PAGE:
During the days on the road, they are free to roam around the motor home and Jeremy will come and sit in my lap or perch on the dashboard to watch the passing scenery. Teddy usually hangs out in his cage or in the dog bed for the daytime and then happily jumps on the bed for nights. He loves to be by the open window and smell the outdoors and watch whatever magical things are running around in the moonlight. I also brought their bigger crate that I can set up outside on a picnic table when we are doing something outside and they love to sit in there and watch all the birds and whatever else is going on. Funny thing is that they also love to jump back into the safe motor home whenever they have been outside a bit. Every once in awhile, Jeremy especially will keep checking the doors to see if he can make an escape, but is easily discouraged if I speak strongly to him.
The cat box of course is the other thing that seems as though it could be a real pain, but I bought a special one that is deep and has a lid with a circular hole in the top. Someone uses it and I clean it, so things are always clean and nice, and the design of the box keeps litter from scattering as well. Cat people will understand this one for sure. I can’t believe just how easy it has been to travel with them. The other part that has been fun is that I have had more time to spend with them than I do when I am home working and I think that may be what they like about the whole thing as well.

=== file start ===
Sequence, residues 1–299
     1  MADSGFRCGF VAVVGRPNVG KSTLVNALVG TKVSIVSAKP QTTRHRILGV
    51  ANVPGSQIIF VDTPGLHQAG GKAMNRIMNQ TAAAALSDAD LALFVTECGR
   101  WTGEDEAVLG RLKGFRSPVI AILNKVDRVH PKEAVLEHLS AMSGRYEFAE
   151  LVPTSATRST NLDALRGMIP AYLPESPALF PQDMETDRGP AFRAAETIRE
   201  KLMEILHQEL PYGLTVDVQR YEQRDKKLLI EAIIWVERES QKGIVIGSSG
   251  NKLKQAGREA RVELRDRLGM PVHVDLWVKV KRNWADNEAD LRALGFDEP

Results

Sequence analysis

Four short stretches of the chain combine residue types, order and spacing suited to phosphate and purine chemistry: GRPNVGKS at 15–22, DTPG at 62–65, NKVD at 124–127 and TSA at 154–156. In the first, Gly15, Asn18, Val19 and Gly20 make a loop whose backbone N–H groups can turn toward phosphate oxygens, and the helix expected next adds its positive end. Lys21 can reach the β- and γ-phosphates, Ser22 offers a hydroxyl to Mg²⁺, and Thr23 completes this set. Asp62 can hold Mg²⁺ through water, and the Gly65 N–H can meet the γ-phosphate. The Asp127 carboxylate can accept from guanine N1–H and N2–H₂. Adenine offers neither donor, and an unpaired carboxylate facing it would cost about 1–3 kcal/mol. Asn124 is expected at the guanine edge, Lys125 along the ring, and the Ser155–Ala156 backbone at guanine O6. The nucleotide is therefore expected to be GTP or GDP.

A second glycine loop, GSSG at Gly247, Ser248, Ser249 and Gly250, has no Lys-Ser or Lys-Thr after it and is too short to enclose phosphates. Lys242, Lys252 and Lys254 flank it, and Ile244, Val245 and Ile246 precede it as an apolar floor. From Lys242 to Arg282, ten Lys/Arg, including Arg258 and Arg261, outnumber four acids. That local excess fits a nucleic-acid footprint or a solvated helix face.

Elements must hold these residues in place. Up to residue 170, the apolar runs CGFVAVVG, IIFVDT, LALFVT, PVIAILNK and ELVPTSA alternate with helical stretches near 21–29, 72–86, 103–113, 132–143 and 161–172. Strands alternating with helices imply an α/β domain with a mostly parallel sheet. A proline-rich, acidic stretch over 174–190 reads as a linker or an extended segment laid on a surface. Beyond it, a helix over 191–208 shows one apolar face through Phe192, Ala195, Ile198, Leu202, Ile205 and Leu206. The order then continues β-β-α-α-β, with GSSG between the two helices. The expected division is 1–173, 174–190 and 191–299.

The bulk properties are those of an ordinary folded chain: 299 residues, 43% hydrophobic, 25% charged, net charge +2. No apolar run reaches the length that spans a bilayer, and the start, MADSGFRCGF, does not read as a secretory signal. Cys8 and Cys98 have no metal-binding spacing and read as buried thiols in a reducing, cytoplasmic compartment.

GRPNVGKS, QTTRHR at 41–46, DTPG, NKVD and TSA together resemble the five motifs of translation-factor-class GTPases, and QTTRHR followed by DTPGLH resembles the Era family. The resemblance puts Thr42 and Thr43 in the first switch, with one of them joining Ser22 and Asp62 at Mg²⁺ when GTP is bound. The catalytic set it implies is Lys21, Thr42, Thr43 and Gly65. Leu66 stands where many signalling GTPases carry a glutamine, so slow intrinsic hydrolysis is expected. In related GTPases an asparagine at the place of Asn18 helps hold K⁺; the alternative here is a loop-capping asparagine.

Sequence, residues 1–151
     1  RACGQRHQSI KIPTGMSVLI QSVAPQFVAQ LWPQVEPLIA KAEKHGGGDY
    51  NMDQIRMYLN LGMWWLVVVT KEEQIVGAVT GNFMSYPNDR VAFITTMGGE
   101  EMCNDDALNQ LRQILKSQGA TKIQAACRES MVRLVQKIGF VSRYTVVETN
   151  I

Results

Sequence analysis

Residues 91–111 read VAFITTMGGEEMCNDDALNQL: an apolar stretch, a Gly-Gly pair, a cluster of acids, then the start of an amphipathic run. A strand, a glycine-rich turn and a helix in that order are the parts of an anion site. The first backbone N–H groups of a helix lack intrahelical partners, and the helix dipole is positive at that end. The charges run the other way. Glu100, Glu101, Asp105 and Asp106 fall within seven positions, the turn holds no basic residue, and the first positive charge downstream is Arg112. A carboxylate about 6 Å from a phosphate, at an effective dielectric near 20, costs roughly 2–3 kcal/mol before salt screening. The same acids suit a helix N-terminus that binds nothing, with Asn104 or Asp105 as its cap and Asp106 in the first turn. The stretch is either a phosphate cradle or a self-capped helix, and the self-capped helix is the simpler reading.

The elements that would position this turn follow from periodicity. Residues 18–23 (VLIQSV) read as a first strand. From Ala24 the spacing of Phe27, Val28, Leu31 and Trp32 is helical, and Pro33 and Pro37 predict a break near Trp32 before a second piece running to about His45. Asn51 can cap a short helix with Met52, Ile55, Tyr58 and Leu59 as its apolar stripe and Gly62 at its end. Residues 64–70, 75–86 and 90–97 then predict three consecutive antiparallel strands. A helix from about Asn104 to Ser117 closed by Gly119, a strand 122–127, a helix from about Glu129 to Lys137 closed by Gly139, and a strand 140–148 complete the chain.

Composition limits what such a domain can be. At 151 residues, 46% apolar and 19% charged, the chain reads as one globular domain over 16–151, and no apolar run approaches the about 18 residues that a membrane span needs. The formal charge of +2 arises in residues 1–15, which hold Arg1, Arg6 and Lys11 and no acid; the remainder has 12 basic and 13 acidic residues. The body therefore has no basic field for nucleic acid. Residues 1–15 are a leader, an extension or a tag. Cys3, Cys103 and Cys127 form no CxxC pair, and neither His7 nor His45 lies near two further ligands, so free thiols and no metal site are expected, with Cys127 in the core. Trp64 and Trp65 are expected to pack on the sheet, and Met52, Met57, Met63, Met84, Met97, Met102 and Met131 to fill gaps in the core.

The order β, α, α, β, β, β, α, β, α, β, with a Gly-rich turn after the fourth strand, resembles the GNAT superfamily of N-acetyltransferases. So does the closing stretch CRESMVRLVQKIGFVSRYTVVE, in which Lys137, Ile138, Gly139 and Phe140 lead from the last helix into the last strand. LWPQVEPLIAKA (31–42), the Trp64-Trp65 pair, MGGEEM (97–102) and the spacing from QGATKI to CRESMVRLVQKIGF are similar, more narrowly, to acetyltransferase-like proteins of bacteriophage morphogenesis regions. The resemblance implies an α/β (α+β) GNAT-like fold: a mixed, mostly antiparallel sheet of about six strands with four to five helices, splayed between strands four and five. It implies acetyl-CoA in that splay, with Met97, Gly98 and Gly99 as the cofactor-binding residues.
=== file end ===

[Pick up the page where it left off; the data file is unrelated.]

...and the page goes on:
People. I have experienced some really interesting people on this trip, especially in the south. Everyone seems really kind and really talkative. If I ask directions or for some kind of information, every one is willing to help, usually with long and complicated and very explicit directions, and then with some more conversation until I wonder if I will manage to get on my way. At the Laundromat where I walked in to read my maps, I was approached by an old guy in beat up clothes and a friendly smile who said, “Can I help? I used to be a cab driver around here” He then proceeded to give me careful directions as to how to get back to my campground without missing a step. He shook my had and patted my shoulder and it didn’t feel the least bit threatening. Today in San Antonio, several people offered helpful directions, and the one thing that is constant, is the length of time everyone is willing to take to explain and converse and talk at length after the simple directions are given. Friendly people are what I will remember of this trip I believe.